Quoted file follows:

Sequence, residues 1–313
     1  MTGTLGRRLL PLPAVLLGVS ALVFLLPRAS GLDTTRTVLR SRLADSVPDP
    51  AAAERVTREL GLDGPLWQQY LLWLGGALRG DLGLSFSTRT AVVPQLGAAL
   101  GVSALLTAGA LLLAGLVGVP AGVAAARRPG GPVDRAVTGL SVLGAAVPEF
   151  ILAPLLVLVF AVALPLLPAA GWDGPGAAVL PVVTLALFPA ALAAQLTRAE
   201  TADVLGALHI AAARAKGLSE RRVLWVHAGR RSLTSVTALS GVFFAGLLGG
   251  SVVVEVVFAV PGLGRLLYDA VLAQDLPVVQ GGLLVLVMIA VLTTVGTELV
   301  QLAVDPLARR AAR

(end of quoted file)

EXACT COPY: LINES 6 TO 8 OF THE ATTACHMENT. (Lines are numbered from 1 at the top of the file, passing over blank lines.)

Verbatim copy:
   201  TADVLGALHI AAARAKGLSE RRVLWVHAGR RSLTSVTALS GVFFAGLLGG
   251  SVVVEVVFAV PGLGRLLYDA VLAQDLPVVQ GGLLVLVMIA VLTTVGTELV
   301  QLAVDPLARR AAR